Mimicry in Butterflies/Chapter 11

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CHAPTER XI

CONCLUSION

From the facts recorded in the preceding chapters it is clear that there are difficulties in the way of accepting the mimicry theory as an explanation of the remarkable resemblances which are often found between butterflies belonging to distinct groups. Of these difficulties two stand out beyond the rest, viz., the difficulty of finding the agent that shall exercise the appropriate powers of discrimination, and the difficulty of fitting in the theoretical process involving the incessant accumulation of minute variations with what is at present known of the facts of heredity.

With regard to the former of these two difficulties we have seen that the supporters of the theory regard birds as the main selective agent. At the outset we are met with the fact that relatively few birds have been observed to prey habitually on butterflies, while some at any rate of those that do so shew no discrimination between what should be theoretically pleasant to eat and what should not be pleasant. Even if birds are the postulated enemies it must be further shewn that they exercise the postulated discrimination. It is required of them that they should do two things. In the first place they must confuse an incipient or "rough" mimic with a model sufficiently often to give it an advantage over those which have not varied in the direction of the model. In other words, they must be easily taken in. Secondly, they are expected to bring about those marvellously close resemblances that sometimes occur by confusing the exact mimicking pattern with the model, while at the same time eliminating those which vary ever so little from it. In other words, they must be endowed with most remarkably acute powers of discrimination. Clearly one cannot ask the same enemy to play both parts. If, therefore, birds help to bring about the resemblance we must suppose that it is done by different species—that there are some which do the rough work, others which do the smoothing, and others again which put on the final polish and keep it up to the mark. This is, of course, a possibility, but before it can be accepted as a probability some evidence must be forthcoming in its favour.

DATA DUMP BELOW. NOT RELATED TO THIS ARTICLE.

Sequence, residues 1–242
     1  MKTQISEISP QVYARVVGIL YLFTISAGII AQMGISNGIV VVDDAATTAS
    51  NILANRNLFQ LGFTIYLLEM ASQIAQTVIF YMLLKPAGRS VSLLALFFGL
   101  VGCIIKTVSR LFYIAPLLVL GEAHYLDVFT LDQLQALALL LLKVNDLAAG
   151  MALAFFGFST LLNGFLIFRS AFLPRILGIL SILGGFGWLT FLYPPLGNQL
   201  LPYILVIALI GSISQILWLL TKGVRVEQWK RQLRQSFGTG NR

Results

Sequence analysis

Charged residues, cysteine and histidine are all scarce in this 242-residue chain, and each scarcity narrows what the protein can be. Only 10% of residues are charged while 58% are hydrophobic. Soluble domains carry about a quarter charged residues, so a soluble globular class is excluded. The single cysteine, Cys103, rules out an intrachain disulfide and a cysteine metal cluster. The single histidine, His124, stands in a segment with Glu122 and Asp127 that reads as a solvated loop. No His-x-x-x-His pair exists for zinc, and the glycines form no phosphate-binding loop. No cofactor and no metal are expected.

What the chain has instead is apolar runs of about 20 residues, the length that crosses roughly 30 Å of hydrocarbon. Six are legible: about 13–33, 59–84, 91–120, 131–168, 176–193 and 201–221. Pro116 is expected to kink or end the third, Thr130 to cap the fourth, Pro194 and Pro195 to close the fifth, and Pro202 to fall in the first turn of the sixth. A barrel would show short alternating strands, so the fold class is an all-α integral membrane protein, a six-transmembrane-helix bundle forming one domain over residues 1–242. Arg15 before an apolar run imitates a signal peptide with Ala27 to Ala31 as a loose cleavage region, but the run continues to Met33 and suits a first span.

But even if the difficulty of the appropriate enemy be passed over, and it be granted that a mimetic resemblance can be built up through a number of small separate steps, which have become separately established through the agency of separate species of birds with various but distinct discriminating powers, we are left face to face with an even more serious physiological difficulty. For why is it that when the end form which is supposed to have resulted from this process is crossed back with the original form all the intermediate steps do not reappear? Why is it that when the altered germplasm is mingled with the original germplasm the various postulated stages between them are not reformed? For in various cases where we know the course of evolution this does occur. The pale pink sweet-pea has come from the wild purple by a series of definite steps, and when it is crossed back with the wild form the resulting plants give the series of stages that have occurred in the evolution of the pink. So also when the orange rabbit is crossed with the wild grey form and the offspring are inbred there are reproduced the black, the tortoiseshell, and the chocolate, forms which are stages in the evolution of the orange from the wild grey. If then, to take an example, the "aristolochiae" form of Papilio polytes has been derived from the male-like form by a series of steps, why do we not get these steps reproduced after the germplasms of the two forms have been mingled? From the standpoint of modern genetic work the inference is that these postulated intermediate steps have never existed—that the one form of polytes female came directly from the other, and was not built up gradually through a series of stages by the selective agency of birds or any other discriminating enemy.